Director: Lisa Immordino Vreeland
96min | BIOPIC | US
Playing out like a speed date with the most important artists the 20th Century – Vreeland’s doc is packed with juicy secrets and fascinating insight into one of the world most accomplished art patrons: Peggy Guggenheim.
Art lovers and social voyeurs will be thrilled and inspired by this engrossing biopic that reveals Peggy Guggenheim as an enthusiastic and appealing maverick who used her meagre fortune to amass one of the most eclectic art collections ever – Peggy Guggenheim — Art Addict, follows the bumper crop of remarkable documentaries – along with The Best of Enemies, Listen to Me Marlon, Janis Little Girl Blue and Hitchcock/Truffaut making 2015 an epic year for American documentaries.
It’s hard to imagine a life more interesting than Peggy Guggenheim’s: born in 1897 to a fabled Jewish dynasty who had immigrated to the USA from Europe and were all “off their rockers”; her mother had a wealthy banking background and her beloved father drowned on The Titanic leaving Peggy somewhat compromised financially and socially in her peer group. Paddling her own canoe, she became a trend-setting “lone wolf” (her words) with a keen eye for a bargain and a gargantuan sexual appetite that was only matched by her addiction for acquiring edgy art.
Vreeland’s film is stuffed with facts and fascinating footage but never feels didactic or ‘learned”. Expertly collated and gripping from start to finnish, it whizzes through Peggy’s eventful life during one of the most pivotal eras of the 20th century, making a natural companion piece to her 2011 debut doc: The Eye Has to Travel that tackled her own aunt, the socialite, Diana Freeland.
Here Freeland shares what is purportedly the last interview with Peggy Guggenheim, recorded before her death in 1979. And what makes this special is the audio footage that accompanies the photos and video clips that give a real sense of Peggy’s personality and the people she met and engaged with; often intimately. Interviews with present-day art world personalities and professionals flesh out the exploration to provide a three dimensional experience that transports us back to the 20th century world of modern art. The suave art historian Sir John Richardson dishes the dirt. Curator Hans-Ulrich Obrist and dealer Larry Gagosian also share their views; Marina Abramovic opines on the merits of patrons versus collectors; and Robert De Niro waxes lyrical on his parents who were both artists – and rather good ones at that – and showed their work courtesy of Peggy. Her other claim to fame was the nurturing and patronship of Jackson Pollock, whom she “discovered” and supported for many years.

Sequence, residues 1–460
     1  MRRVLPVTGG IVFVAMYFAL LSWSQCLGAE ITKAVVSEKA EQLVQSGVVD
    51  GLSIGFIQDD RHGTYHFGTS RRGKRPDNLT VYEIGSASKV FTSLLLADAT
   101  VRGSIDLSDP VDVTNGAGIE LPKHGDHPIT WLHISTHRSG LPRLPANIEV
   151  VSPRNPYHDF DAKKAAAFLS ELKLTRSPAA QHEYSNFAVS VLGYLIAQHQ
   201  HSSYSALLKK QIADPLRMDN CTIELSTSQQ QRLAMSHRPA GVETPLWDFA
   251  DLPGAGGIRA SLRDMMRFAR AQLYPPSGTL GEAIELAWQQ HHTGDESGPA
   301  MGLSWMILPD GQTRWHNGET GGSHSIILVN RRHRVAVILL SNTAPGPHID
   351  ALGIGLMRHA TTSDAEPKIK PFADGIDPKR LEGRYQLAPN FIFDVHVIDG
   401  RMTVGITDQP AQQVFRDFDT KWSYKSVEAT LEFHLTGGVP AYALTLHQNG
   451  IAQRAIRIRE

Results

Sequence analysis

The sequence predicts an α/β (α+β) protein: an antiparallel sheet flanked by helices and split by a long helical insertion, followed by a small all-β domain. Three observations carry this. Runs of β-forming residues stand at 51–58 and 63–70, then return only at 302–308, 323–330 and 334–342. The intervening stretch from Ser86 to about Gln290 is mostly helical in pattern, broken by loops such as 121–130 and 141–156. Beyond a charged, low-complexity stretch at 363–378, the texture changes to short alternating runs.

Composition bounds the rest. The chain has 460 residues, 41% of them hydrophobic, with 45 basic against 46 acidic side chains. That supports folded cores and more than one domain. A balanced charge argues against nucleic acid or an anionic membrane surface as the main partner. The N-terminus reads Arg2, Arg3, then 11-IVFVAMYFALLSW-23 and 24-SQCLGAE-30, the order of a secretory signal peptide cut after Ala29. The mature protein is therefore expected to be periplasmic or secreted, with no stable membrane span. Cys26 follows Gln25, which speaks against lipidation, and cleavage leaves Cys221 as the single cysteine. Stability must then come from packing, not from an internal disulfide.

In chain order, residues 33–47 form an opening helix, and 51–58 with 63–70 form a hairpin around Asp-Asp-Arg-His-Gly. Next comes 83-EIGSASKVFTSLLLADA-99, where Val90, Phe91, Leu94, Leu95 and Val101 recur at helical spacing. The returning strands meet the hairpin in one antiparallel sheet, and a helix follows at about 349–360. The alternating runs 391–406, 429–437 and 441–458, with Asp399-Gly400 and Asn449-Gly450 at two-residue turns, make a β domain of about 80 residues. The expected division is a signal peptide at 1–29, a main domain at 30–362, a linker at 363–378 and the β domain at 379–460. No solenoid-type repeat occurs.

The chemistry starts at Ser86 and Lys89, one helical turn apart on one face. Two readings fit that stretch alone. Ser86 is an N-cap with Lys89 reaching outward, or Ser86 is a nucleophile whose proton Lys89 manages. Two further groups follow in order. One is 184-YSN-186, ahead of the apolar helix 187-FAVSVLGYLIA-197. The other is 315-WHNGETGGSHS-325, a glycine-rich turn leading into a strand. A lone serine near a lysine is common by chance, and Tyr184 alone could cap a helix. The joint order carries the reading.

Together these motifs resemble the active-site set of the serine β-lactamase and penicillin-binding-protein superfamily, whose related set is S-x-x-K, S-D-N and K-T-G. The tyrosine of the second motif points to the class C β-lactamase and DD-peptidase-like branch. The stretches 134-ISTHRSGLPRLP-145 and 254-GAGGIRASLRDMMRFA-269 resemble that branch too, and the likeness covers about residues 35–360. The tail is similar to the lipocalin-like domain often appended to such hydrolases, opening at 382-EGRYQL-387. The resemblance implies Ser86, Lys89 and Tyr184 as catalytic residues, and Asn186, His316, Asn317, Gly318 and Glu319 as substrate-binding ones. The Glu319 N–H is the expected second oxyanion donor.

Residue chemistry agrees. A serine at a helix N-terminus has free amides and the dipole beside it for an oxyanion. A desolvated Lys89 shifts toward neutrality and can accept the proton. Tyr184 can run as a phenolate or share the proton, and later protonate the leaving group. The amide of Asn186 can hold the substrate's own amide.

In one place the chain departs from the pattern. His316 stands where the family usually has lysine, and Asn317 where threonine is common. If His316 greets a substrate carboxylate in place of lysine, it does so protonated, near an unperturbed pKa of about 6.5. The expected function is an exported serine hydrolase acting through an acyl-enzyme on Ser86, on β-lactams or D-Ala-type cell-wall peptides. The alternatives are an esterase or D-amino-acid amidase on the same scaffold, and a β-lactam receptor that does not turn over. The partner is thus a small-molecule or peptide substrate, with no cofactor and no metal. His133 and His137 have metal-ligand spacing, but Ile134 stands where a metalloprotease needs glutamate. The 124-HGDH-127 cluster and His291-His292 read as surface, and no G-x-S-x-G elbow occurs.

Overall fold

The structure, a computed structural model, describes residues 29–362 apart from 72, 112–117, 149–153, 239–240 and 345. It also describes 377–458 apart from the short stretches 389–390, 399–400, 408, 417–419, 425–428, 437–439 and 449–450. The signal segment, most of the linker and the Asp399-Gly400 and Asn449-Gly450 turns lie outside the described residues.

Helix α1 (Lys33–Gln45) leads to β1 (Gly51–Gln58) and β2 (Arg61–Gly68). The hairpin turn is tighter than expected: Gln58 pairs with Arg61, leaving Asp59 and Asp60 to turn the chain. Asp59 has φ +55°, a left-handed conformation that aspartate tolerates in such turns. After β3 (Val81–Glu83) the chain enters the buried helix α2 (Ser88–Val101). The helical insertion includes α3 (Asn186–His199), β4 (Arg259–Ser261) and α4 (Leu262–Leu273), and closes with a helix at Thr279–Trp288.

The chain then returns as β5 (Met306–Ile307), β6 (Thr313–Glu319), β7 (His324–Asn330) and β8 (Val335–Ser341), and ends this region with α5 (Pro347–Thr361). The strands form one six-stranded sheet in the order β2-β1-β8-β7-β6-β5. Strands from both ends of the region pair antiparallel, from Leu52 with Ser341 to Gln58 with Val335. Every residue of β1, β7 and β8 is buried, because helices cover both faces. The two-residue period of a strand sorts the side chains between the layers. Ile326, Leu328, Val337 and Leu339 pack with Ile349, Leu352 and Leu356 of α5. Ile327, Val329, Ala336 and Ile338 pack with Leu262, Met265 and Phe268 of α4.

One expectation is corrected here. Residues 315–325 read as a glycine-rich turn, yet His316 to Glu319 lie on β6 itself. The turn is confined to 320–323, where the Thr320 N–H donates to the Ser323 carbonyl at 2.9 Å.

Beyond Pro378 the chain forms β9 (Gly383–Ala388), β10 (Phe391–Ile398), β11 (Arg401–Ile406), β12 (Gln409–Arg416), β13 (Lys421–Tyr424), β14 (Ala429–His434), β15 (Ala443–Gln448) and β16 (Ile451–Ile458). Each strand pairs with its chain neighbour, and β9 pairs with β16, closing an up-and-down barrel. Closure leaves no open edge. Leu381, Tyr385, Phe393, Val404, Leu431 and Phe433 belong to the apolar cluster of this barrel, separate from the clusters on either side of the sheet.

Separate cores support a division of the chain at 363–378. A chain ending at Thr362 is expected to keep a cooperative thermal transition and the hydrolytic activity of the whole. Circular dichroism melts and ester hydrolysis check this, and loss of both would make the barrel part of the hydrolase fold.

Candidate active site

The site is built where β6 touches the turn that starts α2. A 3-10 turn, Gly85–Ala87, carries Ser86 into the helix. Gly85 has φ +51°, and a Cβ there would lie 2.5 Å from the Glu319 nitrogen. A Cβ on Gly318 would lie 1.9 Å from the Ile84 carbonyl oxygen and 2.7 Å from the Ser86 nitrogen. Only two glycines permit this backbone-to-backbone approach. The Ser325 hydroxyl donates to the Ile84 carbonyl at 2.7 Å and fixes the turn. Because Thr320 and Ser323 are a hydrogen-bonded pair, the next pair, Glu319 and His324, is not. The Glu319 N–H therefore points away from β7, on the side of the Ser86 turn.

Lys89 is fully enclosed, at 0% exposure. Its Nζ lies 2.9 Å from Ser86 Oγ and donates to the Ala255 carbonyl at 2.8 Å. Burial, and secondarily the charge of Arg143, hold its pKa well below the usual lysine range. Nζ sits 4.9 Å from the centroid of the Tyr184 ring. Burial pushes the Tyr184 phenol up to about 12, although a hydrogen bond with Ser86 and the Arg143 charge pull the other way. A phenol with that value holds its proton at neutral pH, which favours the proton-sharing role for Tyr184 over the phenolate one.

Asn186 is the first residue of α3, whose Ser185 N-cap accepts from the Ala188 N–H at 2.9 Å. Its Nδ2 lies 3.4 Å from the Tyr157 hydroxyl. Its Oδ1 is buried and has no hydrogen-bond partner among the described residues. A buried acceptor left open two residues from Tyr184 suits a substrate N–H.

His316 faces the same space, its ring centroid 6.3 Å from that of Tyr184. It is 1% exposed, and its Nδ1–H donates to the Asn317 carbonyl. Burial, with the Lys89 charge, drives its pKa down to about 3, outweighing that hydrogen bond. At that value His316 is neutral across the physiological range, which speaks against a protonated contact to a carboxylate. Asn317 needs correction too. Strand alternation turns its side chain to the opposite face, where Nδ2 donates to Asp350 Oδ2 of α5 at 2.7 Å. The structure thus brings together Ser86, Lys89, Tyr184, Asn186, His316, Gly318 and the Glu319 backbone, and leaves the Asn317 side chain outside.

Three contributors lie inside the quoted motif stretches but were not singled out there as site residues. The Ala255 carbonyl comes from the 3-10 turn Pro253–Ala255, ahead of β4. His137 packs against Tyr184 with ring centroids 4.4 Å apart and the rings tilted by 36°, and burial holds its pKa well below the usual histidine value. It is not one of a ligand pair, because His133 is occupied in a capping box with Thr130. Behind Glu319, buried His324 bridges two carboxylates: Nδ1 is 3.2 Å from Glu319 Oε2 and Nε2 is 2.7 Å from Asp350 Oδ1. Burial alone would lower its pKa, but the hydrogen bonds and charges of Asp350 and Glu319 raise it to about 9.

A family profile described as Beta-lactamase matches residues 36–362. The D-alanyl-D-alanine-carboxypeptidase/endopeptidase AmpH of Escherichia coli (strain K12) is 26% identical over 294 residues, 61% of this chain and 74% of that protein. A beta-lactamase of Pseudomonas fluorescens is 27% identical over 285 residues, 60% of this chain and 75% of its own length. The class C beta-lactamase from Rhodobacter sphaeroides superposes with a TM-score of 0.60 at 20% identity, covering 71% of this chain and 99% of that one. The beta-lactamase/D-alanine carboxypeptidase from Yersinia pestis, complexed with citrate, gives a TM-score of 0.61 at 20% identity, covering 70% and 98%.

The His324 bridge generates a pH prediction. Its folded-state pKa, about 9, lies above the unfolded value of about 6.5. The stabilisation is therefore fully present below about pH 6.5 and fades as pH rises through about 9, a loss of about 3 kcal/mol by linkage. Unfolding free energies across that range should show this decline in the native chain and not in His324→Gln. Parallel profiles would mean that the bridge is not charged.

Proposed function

Vreeland divides her straightforward linear format into four main sections: growing up in New York’s rarefied circles; to Paris, where she met and slept with as many artists as she could, settling in London where she had two kids Sinbad and opened the Guggenheim Jeune gallery with the artistic mentoring of Marcel Duchamp; back to Paris where she turned her hand to collecting “Degenerate Art” before Hitler denounced it; an unfaithful marriage to Max Ernst, who “didn’t give a damn for her”; and back to New York, where she set up the Art of This Century Gallery and became closer to her wealthy uncle Solomon who was responsible for New York’s famous Guggenheim Museum. Her dotage was spent in Venice amongst dogs, lovers and more artists: Vreeland captures the essence of Peggy and enthralls us in the process. MT
DVD and VOD on 22 February 2016 courtesy of Dogwoof
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